CPISA: How to Advocate for Toy MakersFriday, December 26, 2008 9:30
The Consumer Product Safety Improvement Act (CPSIA) has been kicking up a lot of dust in the indie craft community. For those who are not familiar with this piece of legislation: the CPSIA bans harmful chemicals, such as phalates and lead in children’s toys. It also requires third party testing and certification of toys sold in the U.S.
Many small business owners, Etsy shop owners amongst those in the community, are worried that the requirements for compliance are too onerous and will ultimately put them out of business. The Handmade Toy Alliance has a good run down of the issue and how to get involved.
Julie Finn, over at Crafting a Green World has a great letter that she wrote to her Senators and Representative, outlining her concerns with the legislation. Cecilia Leibovitz, also wrote her Senator and posted his response at Little Ida. She continues to post news related to the happenings on the legislation and in the community. Many crafters are encouraging other crafters to sign the petition at the Handmade Toy Alliance, join the facebook group, or contact your Senators and Representative.
So what should you do? Anything to voice your concern is appropriate, but if you decide to contact your Senators and Representative here are some tips:
Choose how you would like to contact them: Whether snail mail, phone call, or email, the point is to make contact. A little known fact about constituent contact, is that it rarely happens. More than likely your contact will make a big difference and can be the deciding point between changing legislation or not.
Email: Email is the easiest way to contact your elected officials. Some elected officials have their own email addresses or they have forms that you fill out on their websites. Many places often have form letters that you can click and send. If you use a form email letter, be sure to tailor the letter to reflect your situation. If you choose email, note that many offices are overwhelmed by email and it can take a long time for them to get back to you regarding your issue.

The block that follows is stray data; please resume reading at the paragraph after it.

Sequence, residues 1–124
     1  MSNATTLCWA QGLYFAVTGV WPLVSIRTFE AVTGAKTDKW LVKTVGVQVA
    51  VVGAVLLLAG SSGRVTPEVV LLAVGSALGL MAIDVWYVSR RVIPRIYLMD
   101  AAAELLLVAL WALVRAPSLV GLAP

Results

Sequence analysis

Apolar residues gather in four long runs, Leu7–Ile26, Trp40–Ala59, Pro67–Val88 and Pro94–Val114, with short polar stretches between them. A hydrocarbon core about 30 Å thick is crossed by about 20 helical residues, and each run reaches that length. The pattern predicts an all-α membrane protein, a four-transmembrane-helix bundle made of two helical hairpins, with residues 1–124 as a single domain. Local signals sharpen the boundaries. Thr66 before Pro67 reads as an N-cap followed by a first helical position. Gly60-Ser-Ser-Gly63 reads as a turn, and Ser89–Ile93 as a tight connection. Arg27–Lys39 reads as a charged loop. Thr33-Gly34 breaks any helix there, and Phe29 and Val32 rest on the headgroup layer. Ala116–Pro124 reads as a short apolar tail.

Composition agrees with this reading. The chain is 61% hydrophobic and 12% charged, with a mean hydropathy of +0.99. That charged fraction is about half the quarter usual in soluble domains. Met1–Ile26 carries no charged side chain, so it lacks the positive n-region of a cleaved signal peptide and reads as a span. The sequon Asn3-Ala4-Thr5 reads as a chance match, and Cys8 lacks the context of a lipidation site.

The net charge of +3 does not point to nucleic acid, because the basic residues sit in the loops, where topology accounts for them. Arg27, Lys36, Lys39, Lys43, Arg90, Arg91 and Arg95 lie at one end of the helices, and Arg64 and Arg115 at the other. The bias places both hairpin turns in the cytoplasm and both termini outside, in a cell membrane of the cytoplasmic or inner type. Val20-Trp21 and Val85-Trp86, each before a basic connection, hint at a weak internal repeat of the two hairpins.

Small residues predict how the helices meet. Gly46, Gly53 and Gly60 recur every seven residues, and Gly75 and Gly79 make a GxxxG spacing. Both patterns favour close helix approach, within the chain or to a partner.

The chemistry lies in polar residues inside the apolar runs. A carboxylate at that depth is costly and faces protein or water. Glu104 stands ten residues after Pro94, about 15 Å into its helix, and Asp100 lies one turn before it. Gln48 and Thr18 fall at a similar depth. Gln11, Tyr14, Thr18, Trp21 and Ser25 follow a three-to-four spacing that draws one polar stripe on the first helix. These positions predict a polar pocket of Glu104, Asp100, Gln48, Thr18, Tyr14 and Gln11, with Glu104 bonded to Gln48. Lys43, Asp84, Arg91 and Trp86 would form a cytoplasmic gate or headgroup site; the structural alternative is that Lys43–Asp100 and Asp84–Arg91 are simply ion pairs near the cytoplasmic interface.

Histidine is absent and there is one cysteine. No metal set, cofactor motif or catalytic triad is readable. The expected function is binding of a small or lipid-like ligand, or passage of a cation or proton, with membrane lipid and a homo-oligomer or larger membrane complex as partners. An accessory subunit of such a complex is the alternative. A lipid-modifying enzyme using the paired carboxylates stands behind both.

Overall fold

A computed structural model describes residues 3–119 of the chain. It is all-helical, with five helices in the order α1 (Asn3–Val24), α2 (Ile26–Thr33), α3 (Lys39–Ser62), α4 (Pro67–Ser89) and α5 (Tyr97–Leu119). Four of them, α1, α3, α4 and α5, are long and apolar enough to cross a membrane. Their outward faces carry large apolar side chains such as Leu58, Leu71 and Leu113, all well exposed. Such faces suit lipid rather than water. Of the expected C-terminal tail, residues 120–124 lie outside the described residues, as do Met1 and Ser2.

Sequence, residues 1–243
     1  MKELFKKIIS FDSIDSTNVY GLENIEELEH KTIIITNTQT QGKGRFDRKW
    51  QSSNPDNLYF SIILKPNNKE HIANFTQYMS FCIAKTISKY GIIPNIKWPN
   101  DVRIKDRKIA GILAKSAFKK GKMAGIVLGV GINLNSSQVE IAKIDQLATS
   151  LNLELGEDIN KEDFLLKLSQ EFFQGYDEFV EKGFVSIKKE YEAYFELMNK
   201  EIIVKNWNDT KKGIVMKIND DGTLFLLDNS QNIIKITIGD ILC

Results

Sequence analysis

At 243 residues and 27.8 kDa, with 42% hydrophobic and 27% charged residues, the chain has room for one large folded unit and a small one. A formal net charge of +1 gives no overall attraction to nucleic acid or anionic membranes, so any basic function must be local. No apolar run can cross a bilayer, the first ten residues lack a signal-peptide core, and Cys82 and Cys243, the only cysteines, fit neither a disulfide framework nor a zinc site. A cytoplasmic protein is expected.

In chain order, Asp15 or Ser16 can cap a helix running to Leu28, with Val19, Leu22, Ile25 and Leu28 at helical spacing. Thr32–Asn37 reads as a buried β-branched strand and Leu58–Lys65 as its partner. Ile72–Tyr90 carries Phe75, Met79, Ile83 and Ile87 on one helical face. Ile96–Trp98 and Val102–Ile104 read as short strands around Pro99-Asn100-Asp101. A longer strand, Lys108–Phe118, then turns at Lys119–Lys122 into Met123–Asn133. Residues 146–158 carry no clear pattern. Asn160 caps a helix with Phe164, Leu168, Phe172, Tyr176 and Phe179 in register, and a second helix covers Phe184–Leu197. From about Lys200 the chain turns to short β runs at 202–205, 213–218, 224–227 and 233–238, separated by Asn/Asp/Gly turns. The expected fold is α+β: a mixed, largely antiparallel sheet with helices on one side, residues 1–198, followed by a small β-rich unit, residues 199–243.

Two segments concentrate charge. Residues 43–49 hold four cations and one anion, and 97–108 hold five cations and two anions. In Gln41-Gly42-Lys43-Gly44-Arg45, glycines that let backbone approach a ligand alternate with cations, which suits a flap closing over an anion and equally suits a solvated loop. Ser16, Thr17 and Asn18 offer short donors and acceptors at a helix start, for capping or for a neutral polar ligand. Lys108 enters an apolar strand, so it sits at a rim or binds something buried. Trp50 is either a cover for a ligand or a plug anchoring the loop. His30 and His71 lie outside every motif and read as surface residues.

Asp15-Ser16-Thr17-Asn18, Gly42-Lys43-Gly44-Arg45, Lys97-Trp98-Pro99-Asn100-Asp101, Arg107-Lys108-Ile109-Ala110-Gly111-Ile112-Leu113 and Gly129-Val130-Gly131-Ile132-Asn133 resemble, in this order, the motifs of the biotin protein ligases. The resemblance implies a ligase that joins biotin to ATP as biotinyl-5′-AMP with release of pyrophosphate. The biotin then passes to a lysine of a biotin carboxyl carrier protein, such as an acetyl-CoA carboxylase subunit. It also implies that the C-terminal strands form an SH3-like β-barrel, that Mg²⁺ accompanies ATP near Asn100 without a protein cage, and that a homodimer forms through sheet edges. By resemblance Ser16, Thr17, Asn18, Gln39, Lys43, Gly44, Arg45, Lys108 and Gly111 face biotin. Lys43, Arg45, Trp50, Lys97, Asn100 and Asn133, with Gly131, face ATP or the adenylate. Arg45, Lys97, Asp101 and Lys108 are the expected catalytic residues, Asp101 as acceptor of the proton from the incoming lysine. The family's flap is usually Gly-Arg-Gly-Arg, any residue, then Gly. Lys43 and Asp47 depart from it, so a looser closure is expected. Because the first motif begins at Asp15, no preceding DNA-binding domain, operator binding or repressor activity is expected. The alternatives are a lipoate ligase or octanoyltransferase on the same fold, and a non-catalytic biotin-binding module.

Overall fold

Snail Mail: The Handmade Alliance has a sample letter you can use for this type of contact and you can use the following links to find the addresses for your Senators and Representative. Again, tailor the letter to fit your situation. Talk about how this issue effects you. Your elected officials want to know how legislation will effect their constituents. If you send your letter to their Washington, D.C. address the mail will be delayed by up to two weeks as all mail directed to these offices are irradiated. For a faster response, address your letters to a district office address.
Phone Call: Currently Congress is not in session and the best bet to get someone on the phone is to call a district office. The new Congress will begin on January 3, 2009 and convene on the 6th, 2009. You can look up both district office information and Washington, D.C. office information from the above links. When you call, ask for the staffer that works on consumer product issues. Make sure you write down their name for future reference. More than likely you will get a voice mail. Make your message short, keep it under 3-5 minutes. Give 2-3 points and give a clear message of what you would like your Senators or Representatives to do. Ask that you be keep up to date on what your elected official decides to do on the issue.
So now that you’ve made contact, give yourself a high five and three gold stars! Now the waiting begins. You should receive a letter that, at the very minimum, acknowledges your request.
If you are satisfied with the response you have received from your Senators or Representative, that is really good! Follow up by sending a thank you letter that reiterates your concerns. If you are unsatisfied with the response you have received, don’t be discouraged. You should follow up by asking for clarification on their decision, or volunteer to give more information if it is needed. The point is to not give up and to keep pushing to get the result you want.
Also, one last thing, Congress is in transition. As stated above the new Congress will start on January 3rd. This means that your elected officials might be changing. You might want to start contacting your newly elected officials now, so they know your concerns going into the new year, and know who you are. You can usually find their contact information through their campaign websites.